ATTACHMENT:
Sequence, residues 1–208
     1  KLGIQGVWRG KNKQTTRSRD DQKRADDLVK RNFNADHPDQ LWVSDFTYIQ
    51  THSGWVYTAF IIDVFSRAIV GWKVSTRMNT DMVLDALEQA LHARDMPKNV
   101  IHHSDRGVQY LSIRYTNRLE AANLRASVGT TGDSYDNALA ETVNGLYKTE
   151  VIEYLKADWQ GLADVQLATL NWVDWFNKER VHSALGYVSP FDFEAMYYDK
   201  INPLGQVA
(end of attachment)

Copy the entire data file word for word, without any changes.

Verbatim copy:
Sequence, residues 1–208
     1  KLGIQGVWRG KNKQTTRSRD DQKRADDLVK RNFNADHPDQ LWVSDFTYIQ
    51  THSGWVYTAF IIDVFSRAIV GWKVSTRMNT DMVLDALEQA LHARDMPKNV
   101  IHHSDRGVQY LSIRYTNRLE AANLRASVGT TGDSYDNALA ETVNGLYKTE
   151  VIEYLKADWQ GLADVQLATL NWVDWFNKER VHSALGYVSP FDFEAMYYDK
   201  INPLGQVA